By Rachel Fausnaught
There are over 470,000 entries in the Merriam-Webster dictionary, with scores added every year. Yet in business, we tend to overuse the comfortable phrases we’ve become accustomed to, thinking we sound smart.
News flash: We don’t actually sound smart.
I’m guilty of it. You’re guilty of it. Your clients are guilty of it. Using these clichés must stop now. Communication (read: good communication) is critical for your business to succeed. It helps you establish credibility among clients and even employees.
I reached out to business professionals across the United States for their number one buzzword pet peeve, and better ways to communicate it. You’ll want to save this list.
I’ll get back to you
“For me, the most frustratingly overused term in our organization is ‘I’ll get back to you.’ As an international team working across multiple time zones, this puts a giant question mark over the schedule of the task at hand. A much better way of handling these situations is to tackle them head on. Set yourself a date and time to review the query, give yourself a little leeway to actually react, and reply and commit to it in your response. This keeps everyone accountable for their own tasks and allows people to remain in sync with their duties!”
—Jon Hayes, marketer at Pixel Privacy
I hope you’re doing well
“My number one overused business cliche that needs to go away is ‘I hope you’re doing well.’ Why? It’s not sincere. If you’re prospecting, either go straight to the point, or I usually compliment a person’s work—either their product or an article they have written, depending on how I found them.
“If you are writing to somebody you already know, there are millions of other ways to word this, including,
- How’s it going at X company?
- Hope your last quarter turned out well.
- Just wanted to follow up quickly since we last spoke.
- Loved your last article on X topic.
“And countless others, depending on the relationship you’ve already established with them.”
—Hung Nguyen, Marketing & Customer Satisfaction Manager, Smallpdf
Just a friendly reminder
The one phrase that really bugs me is when people say, ‘Just a friendly reminder.’ It can really come off as condescending since it is just a non-confrontational way to ask for something that’s late. Everyone secretly hates ‘friendly reminder’ emails. A better way to communicate this would be to send a direct reminder, not an overly friendly one with a soft undertone.
—Brian Meiggs, Founder, My Millennial Guide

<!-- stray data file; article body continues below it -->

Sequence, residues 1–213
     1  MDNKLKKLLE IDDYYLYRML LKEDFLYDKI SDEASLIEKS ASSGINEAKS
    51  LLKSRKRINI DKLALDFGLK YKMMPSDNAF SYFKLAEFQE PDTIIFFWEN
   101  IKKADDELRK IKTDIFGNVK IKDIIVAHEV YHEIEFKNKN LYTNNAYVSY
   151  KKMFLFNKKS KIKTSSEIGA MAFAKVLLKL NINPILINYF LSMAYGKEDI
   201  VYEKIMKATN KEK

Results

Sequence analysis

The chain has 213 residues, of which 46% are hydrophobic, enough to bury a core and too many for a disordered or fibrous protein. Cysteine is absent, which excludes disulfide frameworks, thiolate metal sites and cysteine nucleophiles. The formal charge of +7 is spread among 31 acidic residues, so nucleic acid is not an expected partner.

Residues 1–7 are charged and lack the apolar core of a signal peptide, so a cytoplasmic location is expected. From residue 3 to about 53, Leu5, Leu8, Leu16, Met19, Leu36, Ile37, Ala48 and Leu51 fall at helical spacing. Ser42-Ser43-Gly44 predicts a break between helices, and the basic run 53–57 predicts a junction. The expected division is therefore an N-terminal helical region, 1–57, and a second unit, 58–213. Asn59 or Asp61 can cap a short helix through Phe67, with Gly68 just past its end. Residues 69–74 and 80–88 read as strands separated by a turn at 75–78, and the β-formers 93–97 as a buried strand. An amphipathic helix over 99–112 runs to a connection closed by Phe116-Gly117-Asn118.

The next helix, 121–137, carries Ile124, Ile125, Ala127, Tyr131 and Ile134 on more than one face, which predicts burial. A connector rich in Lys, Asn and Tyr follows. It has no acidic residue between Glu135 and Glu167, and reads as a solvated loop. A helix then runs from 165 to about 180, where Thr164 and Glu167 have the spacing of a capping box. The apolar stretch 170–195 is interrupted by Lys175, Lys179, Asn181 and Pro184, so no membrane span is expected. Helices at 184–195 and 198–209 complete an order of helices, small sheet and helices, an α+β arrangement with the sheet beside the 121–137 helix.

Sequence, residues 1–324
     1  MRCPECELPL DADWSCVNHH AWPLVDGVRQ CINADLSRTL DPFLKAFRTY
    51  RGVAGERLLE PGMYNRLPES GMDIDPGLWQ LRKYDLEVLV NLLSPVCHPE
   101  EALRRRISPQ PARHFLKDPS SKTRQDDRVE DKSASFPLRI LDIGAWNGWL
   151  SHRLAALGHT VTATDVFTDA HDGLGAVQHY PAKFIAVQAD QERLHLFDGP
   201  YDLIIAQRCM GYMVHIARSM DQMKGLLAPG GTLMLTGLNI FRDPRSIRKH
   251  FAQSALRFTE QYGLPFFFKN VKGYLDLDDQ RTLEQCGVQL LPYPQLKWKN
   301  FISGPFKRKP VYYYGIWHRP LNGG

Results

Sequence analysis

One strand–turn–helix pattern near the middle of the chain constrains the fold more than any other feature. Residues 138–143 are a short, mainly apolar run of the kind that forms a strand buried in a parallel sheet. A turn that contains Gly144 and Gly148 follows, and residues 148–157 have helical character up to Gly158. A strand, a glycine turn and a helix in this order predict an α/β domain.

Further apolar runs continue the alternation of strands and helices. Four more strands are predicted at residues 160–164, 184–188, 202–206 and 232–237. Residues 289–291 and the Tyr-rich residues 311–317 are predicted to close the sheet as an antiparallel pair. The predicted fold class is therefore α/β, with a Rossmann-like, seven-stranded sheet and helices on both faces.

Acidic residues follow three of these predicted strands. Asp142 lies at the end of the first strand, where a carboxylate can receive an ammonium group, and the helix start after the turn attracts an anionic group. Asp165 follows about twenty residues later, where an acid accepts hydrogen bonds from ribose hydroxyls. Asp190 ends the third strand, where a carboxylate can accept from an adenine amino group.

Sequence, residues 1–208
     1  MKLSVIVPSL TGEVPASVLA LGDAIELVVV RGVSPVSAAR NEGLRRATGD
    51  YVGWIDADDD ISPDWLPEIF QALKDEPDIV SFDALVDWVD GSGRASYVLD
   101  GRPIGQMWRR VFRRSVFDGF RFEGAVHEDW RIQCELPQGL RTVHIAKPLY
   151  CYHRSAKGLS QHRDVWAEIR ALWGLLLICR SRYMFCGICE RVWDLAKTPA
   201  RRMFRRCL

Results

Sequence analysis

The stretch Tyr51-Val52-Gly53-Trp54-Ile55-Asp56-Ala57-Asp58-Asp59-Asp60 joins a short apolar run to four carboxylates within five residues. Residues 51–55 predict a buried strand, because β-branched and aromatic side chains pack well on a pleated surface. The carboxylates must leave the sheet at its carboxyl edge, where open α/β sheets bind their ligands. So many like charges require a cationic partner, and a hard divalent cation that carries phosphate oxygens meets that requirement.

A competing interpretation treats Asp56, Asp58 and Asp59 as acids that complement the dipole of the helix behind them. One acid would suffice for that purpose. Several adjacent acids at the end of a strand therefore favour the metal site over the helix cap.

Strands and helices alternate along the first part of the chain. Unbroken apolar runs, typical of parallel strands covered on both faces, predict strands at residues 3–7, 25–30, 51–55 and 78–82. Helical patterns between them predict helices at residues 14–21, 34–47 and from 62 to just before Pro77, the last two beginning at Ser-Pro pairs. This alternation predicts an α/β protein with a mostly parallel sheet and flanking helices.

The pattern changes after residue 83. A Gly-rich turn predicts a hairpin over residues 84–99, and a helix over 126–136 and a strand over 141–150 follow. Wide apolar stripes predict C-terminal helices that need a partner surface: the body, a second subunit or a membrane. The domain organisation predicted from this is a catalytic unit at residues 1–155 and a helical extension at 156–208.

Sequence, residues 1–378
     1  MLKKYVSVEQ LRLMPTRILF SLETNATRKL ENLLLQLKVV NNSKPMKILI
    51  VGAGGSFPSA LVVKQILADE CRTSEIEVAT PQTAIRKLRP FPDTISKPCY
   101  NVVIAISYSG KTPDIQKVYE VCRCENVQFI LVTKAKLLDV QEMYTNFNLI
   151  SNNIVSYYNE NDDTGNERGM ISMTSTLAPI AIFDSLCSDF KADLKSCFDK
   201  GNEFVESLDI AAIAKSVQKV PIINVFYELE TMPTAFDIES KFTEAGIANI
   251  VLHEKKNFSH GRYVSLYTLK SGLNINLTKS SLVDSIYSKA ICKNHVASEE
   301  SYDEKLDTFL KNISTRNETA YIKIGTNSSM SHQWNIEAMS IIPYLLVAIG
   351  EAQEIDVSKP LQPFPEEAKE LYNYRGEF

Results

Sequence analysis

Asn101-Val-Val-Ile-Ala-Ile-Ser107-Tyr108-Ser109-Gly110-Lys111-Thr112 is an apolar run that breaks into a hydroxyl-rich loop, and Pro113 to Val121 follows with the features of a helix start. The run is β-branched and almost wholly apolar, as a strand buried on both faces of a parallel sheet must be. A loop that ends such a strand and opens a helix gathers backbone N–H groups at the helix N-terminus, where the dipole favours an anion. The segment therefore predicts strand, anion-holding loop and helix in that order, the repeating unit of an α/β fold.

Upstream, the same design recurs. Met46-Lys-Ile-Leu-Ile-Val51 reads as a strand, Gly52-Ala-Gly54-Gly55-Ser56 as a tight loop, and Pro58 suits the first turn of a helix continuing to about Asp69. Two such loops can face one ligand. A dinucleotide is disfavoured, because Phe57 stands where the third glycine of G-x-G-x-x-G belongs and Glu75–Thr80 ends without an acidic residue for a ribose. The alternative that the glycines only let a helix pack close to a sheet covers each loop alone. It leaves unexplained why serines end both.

“The phrase that we need to ‘create synergy’ is so overused! You can’t say it and expect it to happen. It’s like saying we should all get along and work hard for each other. The reality is most teams are looking out for their own interests.”
—Corey Vandenberg, Mortgage Consultant, Platinum Home Mortgage
“Disruptive: It’s so ubiquitous in marketing speak that no one cares about what’s genuinely disruptive! It’s marketing’s ‘boy who cried wolf.’ By definition, disruptive invokes a radical change—normally beyond an industry and affecting everyday life for people outside the industry. The third iteration of your marketing software barely ‘disrupts’ your own market, let alone the average person on the street. If you say everything is special, no one will care when you might finally have something worth talking about.
“Stop using ‘disruptive’ and instead opt for showing potential customers the benefits of buying your product or service. Showing people how your product solves their problems with actionable language answers their questions more effectively than tooting your own disruptive horn. Let other people or industry experts label your product disruptive before you ever think about it. Focus on solving your customers’ problems, creating excellent solutions, and showing why people should look to your company for answers.”
—Matt Garrepy, Chief Digital Officer, DigitalUS
“I absolutely despite phrases like ‘touch base,’ ‘reach out,’ or ‘get in touch.’ We have a perfectly good word in English—contact—that captures the same precise meaning without requiring cliched jargon.”
—Zack Gallinger, President, Talent Hero Media
“This is just such a vague statement, and it often leaves me wondering if a client is actually interested in my services or if they are trying to blow me off. I would much prefer that professional contacts be clear and straightforward about their intentions. Saying something such as, ‘My assistant will call you to schedule another meeting next week’ or ‘It’s just not the right direction for my company at this time’ lets me understand what the client means and prevents me from expending unnecessary effort.”
—Nate Masterson, CEO, Maple Holistics
“When someone says, ‘Let’s touch base in three months,’ it’s not actionable because you don’t know who is going to reach out and there’s no actual base to touch. For a better outcome, you should say ‘I’ll follow up with you’ or ‘I’ll call you.’ This way both parties know who is responsible for making contact and you can nail down an actual time this will happen.”